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Tuatara: Volume 21, Issues 1 and 2 (New Zealand Albatrosses and Petrels: an Identification Guide)

27. Kermadec Petrel — (Pterodroma neglecta) — Plates 9 and 12

27. Kermadec Petrel
(Pterodroma neglecta)
Plates 9 and 12

Field Characters: 91/38. This medium to large-sized petrel is a polymorphic species. with light, dark and many intermediate colour phases occurring. All have conspicuous white underwing flashes.

(a)Light Phase: (Plate 12) Head pale grey with the remainder of the upper parts sooty brown. At close range the light shafts of the primaries are readily discernible. Underbody white, except page 39 for the dark undertail coverts. Underwing variably dark brown, with conspicuous white subterminal patch formed by white bases to primaries.
(b)Dark Phase: (Plate 9) Uniformly dark brown except for conspicuous white underwing flashes and light primary shafts.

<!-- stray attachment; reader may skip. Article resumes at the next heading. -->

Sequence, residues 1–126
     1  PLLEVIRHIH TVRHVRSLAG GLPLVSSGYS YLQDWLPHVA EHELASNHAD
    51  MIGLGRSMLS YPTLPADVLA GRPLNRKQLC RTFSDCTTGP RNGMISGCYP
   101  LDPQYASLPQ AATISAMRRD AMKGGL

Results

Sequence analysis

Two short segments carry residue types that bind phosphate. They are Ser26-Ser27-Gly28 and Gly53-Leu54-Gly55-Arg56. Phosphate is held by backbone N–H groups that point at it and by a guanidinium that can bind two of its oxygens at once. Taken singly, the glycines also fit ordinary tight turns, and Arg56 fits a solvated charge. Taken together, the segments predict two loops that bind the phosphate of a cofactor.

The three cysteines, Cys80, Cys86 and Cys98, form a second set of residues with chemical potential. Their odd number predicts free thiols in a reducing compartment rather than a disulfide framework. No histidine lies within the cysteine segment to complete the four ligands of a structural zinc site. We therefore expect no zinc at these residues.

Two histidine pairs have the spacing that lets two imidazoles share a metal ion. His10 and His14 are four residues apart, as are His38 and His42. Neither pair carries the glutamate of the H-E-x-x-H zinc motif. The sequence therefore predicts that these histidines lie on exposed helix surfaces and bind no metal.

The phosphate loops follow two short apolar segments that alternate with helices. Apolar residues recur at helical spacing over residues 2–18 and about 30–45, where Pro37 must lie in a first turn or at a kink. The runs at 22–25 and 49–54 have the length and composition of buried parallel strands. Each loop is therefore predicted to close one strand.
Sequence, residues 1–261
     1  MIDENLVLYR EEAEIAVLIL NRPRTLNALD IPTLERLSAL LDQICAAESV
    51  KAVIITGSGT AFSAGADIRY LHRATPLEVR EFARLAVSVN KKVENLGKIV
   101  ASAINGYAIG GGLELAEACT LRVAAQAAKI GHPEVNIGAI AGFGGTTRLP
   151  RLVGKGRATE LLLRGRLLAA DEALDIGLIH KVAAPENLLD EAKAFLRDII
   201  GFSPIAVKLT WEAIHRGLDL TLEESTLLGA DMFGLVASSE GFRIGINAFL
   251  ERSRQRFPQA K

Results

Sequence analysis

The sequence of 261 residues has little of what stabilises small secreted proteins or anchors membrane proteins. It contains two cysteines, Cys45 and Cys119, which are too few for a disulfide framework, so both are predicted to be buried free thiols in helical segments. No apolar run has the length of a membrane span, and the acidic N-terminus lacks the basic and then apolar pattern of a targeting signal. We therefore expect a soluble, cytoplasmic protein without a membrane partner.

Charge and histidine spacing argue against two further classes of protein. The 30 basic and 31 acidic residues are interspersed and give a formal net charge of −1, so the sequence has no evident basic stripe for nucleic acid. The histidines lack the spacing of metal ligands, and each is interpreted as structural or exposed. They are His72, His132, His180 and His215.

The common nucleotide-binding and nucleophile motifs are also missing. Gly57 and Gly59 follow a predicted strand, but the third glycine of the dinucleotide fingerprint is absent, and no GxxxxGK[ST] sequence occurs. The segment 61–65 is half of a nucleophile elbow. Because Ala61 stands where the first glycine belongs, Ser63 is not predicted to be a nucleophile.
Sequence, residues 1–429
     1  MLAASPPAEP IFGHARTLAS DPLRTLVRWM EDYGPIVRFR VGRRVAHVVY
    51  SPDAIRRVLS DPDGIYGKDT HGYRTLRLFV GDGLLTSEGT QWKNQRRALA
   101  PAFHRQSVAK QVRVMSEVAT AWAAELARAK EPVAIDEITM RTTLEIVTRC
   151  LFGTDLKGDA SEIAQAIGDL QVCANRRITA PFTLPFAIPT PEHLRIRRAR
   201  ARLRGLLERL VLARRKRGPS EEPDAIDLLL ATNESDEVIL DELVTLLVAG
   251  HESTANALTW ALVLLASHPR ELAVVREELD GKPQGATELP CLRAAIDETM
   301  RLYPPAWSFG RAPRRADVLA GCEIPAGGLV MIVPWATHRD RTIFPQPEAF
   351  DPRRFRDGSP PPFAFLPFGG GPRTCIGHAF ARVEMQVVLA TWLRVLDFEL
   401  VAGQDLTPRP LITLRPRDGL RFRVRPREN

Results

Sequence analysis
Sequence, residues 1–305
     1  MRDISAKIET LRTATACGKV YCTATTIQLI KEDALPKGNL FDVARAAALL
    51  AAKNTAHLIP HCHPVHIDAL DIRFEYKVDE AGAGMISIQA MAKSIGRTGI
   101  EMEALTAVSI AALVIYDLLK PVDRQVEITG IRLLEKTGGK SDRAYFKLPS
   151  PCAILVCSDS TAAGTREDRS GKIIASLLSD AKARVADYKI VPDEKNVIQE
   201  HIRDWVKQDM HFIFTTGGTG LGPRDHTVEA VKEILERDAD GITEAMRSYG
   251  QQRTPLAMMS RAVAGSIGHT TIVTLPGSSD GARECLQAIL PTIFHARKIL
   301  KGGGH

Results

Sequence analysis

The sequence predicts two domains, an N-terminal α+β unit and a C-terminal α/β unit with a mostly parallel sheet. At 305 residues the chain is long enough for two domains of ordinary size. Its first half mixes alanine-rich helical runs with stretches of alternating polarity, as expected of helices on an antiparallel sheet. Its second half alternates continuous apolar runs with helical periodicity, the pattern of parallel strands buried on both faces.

(c)Intermediate Phase: Combination of above plumage patterns with the many different variations of dark brown and white colour distribution mainly confined to the underbody, e.g.:
(a)Dark head and broad breast band with throat and belly remaining white.
(b)Dark head and throat with remainder of underparts light greyish brown.
(c)All dark brown with some white freckling on breast and belly.

With all colour phases the short bill is black, and the feet are flesh-colour with black tips.

Birds of the light phase are generally easy to identify although the light-phase Herald Petrel (59) can appear very similar to them at sea.

Intermediate-phase birds can be differentiated from the Phoenix (56) and the Tahiti Petrels (55) by the white subterminal patch in the underwing. They are, however, difficult to distinguish from intermediate-phase Herald Petrels (59).

Individuals of the dark phase are very similar to the Bird of Providence (21) and the dark-phase Herald Petrel (59).

Flight usually low to water, with steep banking and gliding interspersed with unhurried, loose wingbeats. Does not follow ships.

Widely distributed in the subtropical South Pacific. Breeds locally on the Kermadec and Lord Howe Islands.